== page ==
The U.S. Navy and troops of the Japan Ground Self Defense Force’s (JGSDF) recently stood up Amphibious Rapid Deployment Brigade (ARDB) have conducted joint amphibious operations as a part of exercise Kaagapay Ng Mga Mandirigma Ng Dagat (KAMANDAG) 2, a bilateral, U.S.-Philippine, military training exercise, in the Philippine Sea.
This year, ARDB elements are participating in humanitarian assistance and disaster response (HADR) training of KAMANDAG 2. The exercise also includes amphibious warfare operations, counterterrorism, and live-fire training, jungle survival and combat lifesaving training jointly conducted by Philippine and U.S. forces. The exercise marks the first time that a U.S. Navy warship, the Whidbey Island-class dock landing ship USS Ashland, conducted amphibious operations with ARDB troops. The ARDB was activated in April 2018.
“This is a milestone achievement and a significant step forward in capability development for Japan’s newly established amphibious force,” said Rear Admiral Brad Cooper, the commander of the U.S. Navy’s Amphibious Force 7th Fleet.
“The JGSDF and JMSDF [Japan Maritime Self Defense Force] have made enormous strides in their amphibious capability since establishment of the ARDB just six months ago. We are proud to work side-by-side with our friends from Japan and the Philippines during this exercise and look to the future with great anticipation to train together.”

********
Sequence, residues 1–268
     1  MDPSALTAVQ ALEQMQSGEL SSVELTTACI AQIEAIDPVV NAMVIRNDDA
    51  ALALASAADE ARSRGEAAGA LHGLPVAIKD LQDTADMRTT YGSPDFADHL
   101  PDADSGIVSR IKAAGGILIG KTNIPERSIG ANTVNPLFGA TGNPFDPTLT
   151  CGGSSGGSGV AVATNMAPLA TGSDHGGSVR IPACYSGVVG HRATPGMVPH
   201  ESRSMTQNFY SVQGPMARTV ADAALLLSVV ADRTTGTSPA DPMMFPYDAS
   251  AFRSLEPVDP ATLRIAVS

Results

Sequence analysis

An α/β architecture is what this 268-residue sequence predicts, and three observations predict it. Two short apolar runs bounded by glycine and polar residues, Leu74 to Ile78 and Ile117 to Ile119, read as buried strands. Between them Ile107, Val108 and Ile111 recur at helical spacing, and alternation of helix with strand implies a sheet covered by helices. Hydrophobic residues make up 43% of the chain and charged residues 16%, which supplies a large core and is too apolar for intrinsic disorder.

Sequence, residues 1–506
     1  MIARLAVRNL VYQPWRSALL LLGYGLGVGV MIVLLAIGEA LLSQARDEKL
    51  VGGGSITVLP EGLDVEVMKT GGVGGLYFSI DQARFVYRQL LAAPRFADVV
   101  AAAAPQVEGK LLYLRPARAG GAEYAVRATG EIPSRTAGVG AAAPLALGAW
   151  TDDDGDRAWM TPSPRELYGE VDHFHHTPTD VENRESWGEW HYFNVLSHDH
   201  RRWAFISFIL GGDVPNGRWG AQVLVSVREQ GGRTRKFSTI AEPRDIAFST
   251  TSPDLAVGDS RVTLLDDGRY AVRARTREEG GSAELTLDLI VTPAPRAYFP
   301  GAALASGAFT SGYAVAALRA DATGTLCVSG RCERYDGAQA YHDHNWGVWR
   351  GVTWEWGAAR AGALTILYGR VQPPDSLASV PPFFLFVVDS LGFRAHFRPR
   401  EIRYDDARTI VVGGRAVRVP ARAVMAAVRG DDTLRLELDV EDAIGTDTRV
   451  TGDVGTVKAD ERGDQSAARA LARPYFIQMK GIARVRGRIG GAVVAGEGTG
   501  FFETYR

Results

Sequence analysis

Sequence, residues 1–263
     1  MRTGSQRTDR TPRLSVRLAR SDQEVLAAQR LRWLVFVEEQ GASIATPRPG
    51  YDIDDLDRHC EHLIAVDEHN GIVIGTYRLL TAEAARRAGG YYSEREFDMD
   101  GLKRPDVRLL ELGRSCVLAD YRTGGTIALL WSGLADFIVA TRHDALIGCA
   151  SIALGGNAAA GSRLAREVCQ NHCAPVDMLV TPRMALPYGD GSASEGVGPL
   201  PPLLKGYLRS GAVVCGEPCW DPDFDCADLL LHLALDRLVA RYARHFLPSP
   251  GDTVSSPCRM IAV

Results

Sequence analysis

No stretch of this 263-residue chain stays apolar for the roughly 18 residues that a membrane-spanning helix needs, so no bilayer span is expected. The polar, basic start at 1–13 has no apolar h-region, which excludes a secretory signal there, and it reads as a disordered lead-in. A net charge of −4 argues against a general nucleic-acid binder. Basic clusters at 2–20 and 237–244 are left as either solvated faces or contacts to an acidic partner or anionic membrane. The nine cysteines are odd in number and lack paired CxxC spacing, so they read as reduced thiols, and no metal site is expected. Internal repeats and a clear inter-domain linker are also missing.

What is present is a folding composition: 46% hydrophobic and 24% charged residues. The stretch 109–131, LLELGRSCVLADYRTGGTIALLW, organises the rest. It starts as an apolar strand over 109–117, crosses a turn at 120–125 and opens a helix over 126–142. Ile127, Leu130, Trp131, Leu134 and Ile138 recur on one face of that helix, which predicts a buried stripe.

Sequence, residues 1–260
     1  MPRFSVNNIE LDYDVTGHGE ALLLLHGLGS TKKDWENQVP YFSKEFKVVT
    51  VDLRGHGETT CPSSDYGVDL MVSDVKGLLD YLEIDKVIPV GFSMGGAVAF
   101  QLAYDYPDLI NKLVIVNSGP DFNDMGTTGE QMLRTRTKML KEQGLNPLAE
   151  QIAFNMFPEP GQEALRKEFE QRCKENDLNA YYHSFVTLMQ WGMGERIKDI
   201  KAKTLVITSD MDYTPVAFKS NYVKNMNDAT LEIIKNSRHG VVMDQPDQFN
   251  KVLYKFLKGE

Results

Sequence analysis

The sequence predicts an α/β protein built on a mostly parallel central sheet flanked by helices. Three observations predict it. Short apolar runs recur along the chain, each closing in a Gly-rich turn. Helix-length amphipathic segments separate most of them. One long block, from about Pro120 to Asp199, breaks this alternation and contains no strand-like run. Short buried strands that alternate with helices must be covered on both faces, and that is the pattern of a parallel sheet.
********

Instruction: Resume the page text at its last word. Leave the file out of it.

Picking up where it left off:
Japan intends to increase the ARDBs size in the near future, as I noted elsewhere:
The initial size of the brigade will be around 2,000 troops, but this is slated to increase to 3,000 once the force becomes fully operational sometime in 2018. The new brigade’s principal mission will be to defend the 6,000 islands and islets of the Ryukyu Islands chain, which stretches southwest from Kyushu to Taiwan.
The ARDB is placed under the Japan Ground Self Defense Force (GSDF) Ground Component Command, which was established in March 2018. The Western Army Infantry Regiment, based in Sasebo in Nagasaki Prefecture, is the nucleus of this new unit, as I noted:
Seven hundred troops of the light infantry regiment are currently charged with defending the remote islands. However, the establishment of the new unit has been plagued by inter-service rivalry, budgetary constraints, and the Japan Self-Defense Force’s traditional problem of a lack of inter-service coordination, which, given that any amphibious warfare operation will require all three services to cooperate, may prove particularly problematic.
Indeed, the ARDB currently lacks a sufficient number of operational Assault Amphibious Vehicles (AAV) 7s (only 15 out of 52 are currently operationally deployed) and there are also delays in the induction of V-22 Ospreys, next to public opposition to the stationing of the accident-prone rotorcraft near the ARDBs home at Saga airport in southwestern Japan.
In January, ARDB soldiers also participated in a bilateral amphibious training exercise, codenamed Iron Fist, hosted by the United States Marine Corps (USMC).